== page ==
Therefore, in accordance with the present invention, there is provided a container for receiving an explosive element and containing an explosion therein, the container comprising a foldable bag having a first open end and at least one wall defining a first enclosure, each of the at least one wall being composed of a flexible material of a constant thickness capable of containing fragments projected by the explosion, an outer casing having a plurality of first and second panels defining a second enclosure for snugly receiving the foldable bag, the first and second panels being rigid, the first panels being hingedly connected to the second panels such that the first panels are movable between a first deployed configuration, where the first panels define a second open end corresponding to the first open end, to a second folded configuration, where the first panels at least partially close the second open end, thereby reducing a height of the outer casing, and a first attachment system on the outer casing for maintaining the first panels in the first deployed configuration when the container is receiving the explosive element, whereby a necessary storage space for the container is reduced by folding the foldable bag and moving the first panels of the outer casing in the second folded configuration.

Also in accordance with the present invention, there is provided a method for containing an explosive element located on a surface using a container having an outer casing surrounding a foldable impact-resistant bag, the method comprising the steps of unfolding a folded portion of the outer casing such as to obtain a deployed configuration defining a first open end in the outer casing, engaging an attachment system such as to retain the outer casing in the deployed configuration, unfolding the foldable bag such as to define a second open end in the foldable bag corresponding with the first open end in the outer casing, and lowering the container on the explosive element such that the explosive element is enclosed in the container with the first and second open end being effectively closed by the surface.

Further in accordance with the present invention, there is provided a container for receiving an explosive element and containing fragments projected by an explosion thereof, the container comprising a plurality of walls defining an enclosure with one open end, the plurality of walls being composed of a material of a constant thickness capable of containing fragments projected by the explosion, the material in each of the plurality of walls being formed of a plurality of layers such that each layer is continuous with at least one layer in an adjacent one of the plurality of walls to provide an at least partial continuity of the layers between adjacent walls.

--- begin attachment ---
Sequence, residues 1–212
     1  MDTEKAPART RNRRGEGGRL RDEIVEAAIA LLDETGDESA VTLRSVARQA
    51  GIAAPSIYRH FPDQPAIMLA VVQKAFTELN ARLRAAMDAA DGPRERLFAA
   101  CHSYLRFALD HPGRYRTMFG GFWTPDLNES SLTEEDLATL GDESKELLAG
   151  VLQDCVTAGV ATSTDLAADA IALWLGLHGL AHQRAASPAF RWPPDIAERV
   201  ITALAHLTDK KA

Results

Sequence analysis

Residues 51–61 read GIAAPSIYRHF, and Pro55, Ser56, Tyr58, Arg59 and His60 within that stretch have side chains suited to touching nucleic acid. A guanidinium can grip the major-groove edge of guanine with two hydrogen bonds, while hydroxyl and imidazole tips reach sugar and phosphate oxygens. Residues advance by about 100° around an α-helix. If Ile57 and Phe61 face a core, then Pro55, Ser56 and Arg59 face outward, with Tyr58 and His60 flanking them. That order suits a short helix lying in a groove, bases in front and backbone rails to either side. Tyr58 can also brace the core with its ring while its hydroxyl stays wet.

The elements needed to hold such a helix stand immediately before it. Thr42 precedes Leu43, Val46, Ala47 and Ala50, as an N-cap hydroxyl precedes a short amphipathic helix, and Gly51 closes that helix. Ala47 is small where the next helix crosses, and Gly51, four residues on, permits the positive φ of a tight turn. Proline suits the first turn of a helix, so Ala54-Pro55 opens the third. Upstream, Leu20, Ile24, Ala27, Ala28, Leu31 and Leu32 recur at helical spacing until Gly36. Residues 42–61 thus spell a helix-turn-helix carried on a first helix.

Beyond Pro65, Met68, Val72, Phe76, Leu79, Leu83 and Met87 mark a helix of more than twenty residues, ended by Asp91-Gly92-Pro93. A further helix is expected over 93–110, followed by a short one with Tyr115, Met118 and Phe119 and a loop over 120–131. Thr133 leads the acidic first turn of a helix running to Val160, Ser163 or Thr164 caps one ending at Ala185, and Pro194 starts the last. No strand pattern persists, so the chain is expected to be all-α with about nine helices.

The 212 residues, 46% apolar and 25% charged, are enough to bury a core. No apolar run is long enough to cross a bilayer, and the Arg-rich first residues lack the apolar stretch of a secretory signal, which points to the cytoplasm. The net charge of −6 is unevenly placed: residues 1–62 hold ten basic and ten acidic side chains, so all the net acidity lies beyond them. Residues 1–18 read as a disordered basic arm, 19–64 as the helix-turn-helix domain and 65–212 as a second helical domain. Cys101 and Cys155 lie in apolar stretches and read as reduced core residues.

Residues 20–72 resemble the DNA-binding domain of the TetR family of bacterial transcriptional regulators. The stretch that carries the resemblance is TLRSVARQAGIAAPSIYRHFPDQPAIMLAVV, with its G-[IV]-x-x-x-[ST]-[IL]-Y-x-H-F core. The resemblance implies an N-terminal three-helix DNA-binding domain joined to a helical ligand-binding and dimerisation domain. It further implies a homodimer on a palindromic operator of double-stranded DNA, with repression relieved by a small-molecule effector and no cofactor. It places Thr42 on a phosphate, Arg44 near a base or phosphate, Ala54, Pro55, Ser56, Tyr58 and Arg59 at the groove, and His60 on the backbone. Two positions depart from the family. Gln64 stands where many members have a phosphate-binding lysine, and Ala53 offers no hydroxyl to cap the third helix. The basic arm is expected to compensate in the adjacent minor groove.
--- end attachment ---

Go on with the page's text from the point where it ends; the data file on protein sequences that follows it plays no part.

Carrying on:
Further yet in accordance with the present invention, there is provided a method for manufacturing a container for receiving an explosive element and containing fragments projected by an explosion thereof, the method comprising the steps of providing a prismatic support having a top wall, a first side wall, a second side wall adjacent to the first side wall, a third side wall opposed to the first side wall, and a fourth side wall opposed to the second side wall, providing first, second and third strips of a material capable of containing fragments projected by the explosion, the first strip having a width generally equal to a width of the first side wall, the second strip having a width generally equal to a width of the second side wall, and the third strip having a width generally equal to a height of the container, wrapping the first strip such as to subsequently cover the first side wall, top wall and third side wall, wrapping the second strip such as to subsequently cover the second side wall, top wall and fourth side wall, wrapping the third strip around the support such as to subsequently cover the first, second, third and fourth side walls, wrapping the first strip back such as to subsequently cover the third side wall, top wall and first side wall, wrapping the second strip back such as to subsequently cover the fourth side wall, top wall and second side wall, wrapping the third strip again around the support such as to subsequently cover the first, second, third and fourth side walls, and repeating the wrapping steps until a desired thickness of material is obtained over each wall such as to define the container.

BRIEF DESCRIPTION OF THE DRAWINGS

Reference will now be made to the accompanying drawings, showing by way of illustration a preferred embodiment thereof and in which:

FIG. 1 is a perspective view of a container according to a preferred embodiment of the present invention, the container being depicted with the top side down;

FIG. 2 is a side cross-sectional view of the container in FIG. 1, top side down and in a folded configuration;

FIG. 3 is a perspective view of an inner casing of the container of FIG. 1, the inner casing being depicted with the top side up;

FIG. 4 is a perspective view of the inner casing of FIG. 3, with the top side down and in a folded configuration;

FIG. 5 is a perspective view of the inner casing of FIG. 3 showing the installation of a pair of rods and of corner pieces;

FIG. 6 is a plan view of an unfolded inner portion of a fabric envelope of a bag of the container of FIG. 1;

FIG. 7 is a perspective view of the inner casing of FIG. 5 covered with the inner portion of the fabric envelope of FIG. 6;

FIGS. 8 a and b are perspective views showing the wrapping of the inner casing of FIG. 7 in impact-resistant material in order to form the bag of the container of FIG. 1; and

FIG. 9 is a partial cross-section of the inner casing of FIG. 3 taken along lines 99 in order to show an attachment system between adjacent panels of the casing.

DESCRIPTION OF THE PREFERRED EMBODIMENTS